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Thanks for the tips so far. Boat is 1981 with diesel Yanmar 3QM30 so don't need to go the Atomic 4 route. Deck was recently redone by previous owner so ideally the balsa in the deck is in good shape (we'll see from survey). Everything else looks cosmetic besides getting some new sails in the near future...

Wondering if there's any more thought to the wiring and specifics others have had issues with. At this point wondering if a full re-wire is in the bill to have peace of mind.

Tip on the C&C group was golden!

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Thanks for the tips so far. Boat is 1981 with diesel Yanmar 3QM30 so don't need to go the Atomic 4 route. Deck was recently redone by previous owner so ideally the balsa in the deck is in good shape (we'll see from survey). Everything else looks cosmetic besides getting some new sails in the near future...

Wondering if there's any more thought to the wiring and specifics others have had issues with. At this point wondering if a full re-wire is in the bill to have peace of mind.

Tip on the C&C group was golden!

Our 1984 C&C35 has the untinned wiring, which has not been much of an issue at all except where the bow lights are hooked into the wiring in the anchor locker. There are several places where the wiring disappears under the liner and reappears somewhere else, apparently held in place by spooge or friction. Those places would have to be wired around if you have problems somewhere in that run. I would wait and see what the wiring is like before planning any major replacements.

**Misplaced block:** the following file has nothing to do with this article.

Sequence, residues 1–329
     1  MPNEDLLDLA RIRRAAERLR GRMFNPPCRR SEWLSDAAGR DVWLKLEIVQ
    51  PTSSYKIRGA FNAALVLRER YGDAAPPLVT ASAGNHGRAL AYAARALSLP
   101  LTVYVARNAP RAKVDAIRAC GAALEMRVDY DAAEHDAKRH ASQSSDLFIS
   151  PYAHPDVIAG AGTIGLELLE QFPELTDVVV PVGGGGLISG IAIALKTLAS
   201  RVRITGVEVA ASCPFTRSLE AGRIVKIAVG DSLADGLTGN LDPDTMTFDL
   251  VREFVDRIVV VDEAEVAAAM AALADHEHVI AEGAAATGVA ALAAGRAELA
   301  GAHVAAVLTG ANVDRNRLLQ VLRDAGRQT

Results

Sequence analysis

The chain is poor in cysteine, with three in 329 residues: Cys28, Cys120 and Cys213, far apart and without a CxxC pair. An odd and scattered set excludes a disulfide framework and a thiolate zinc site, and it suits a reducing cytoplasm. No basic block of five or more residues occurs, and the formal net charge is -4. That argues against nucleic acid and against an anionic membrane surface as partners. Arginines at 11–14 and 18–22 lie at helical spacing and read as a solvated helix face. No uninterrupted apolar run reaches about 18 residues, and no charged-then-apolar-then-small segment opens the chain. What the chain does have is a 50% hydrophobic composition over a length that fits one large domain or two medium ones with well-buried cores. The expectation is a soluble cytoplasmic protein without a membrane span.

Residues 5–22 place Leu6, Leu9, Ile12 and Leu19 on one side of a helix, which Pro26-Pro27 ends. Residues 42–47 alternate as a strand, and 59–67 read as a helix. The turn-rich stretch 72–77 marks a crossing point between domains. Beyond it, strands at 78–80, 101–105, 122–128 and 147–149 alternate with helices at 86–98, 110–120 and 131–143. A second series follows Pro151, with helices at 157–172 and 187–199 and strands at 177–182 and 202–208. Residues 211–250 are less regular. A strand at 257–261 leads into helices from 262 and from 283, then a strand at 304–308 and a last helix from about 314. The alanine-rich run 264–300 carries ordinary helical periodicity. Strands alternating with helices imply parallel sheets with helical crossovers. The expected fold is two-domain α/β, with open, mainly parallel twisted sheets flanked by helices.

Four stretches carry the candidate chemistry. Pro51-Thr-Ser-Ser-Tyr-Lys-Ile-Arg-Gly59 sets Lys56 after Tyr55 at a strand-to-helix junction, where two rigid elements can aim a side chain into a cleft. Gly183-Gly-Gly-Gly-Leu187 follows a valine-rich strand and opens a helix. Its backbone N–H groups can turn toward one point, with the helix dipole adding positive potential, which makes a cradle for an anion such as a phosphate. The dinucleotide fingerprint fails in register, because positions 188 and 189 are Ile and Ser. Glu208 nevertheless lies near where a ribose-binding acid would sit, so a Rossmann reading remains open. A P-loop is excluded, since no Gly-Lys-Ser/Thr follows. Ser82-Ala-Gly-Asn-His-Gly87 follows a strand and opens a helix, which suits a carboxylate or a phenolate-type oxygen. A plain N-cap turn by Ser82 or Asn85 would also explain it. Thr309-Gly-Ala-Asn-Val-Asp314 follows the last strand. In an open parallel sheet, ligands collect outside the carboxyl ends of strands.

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Our 1984 C&C35 has the untinned wiring, which has not been much of an issue at all except where the bow lights are hooked into the wiring in the anchor locker. There are several places where the wiring disappears under the liner and reappears somewhere else, apparently held in place by spooge or friction. Those places would have to be wired around if you have problems somewhere in that run. I would wait and see what the wiring is like before planning any major replacements. 

This^

And that is what a survey is for...

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take a look at

http://www.wbryant.com/

he had a 38 but pretty much rebuilt the thing.  good resources in there.

Yep, Wally was an inspiration. He still pops in on the list once in a while.

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Our 1984 C&C35 has the untinned wiring, which has not been much of an issue at all except where the bow lights are hooked into the wiring in the anchor locker. There are several places where the wiring disappears under the liner and reappears somewhere else, apparently held in place by spooge or friction. Those places would have to be wired around if you have problems somewhere in that run. I would wait and see what the wiring is like before planning any major replacements. 

Yeah, what Ish says. I rewired our 37', mostly the battery cables which I upgraded and cleaning up the rat's nest behind the distribution panel. The rest was upgrades and new circuits. For stuff like the lighting circuits that were glued into the liner I just tied into them and kept on going.

Our 37' is a larger version of Ish's 35 III. Apart from the sentiment about owning a boat the you admire as you row away from it, it sails and handles beautifully. Also, as far as core issues go, my hull (#18, 1982) has been dry, dry, dry...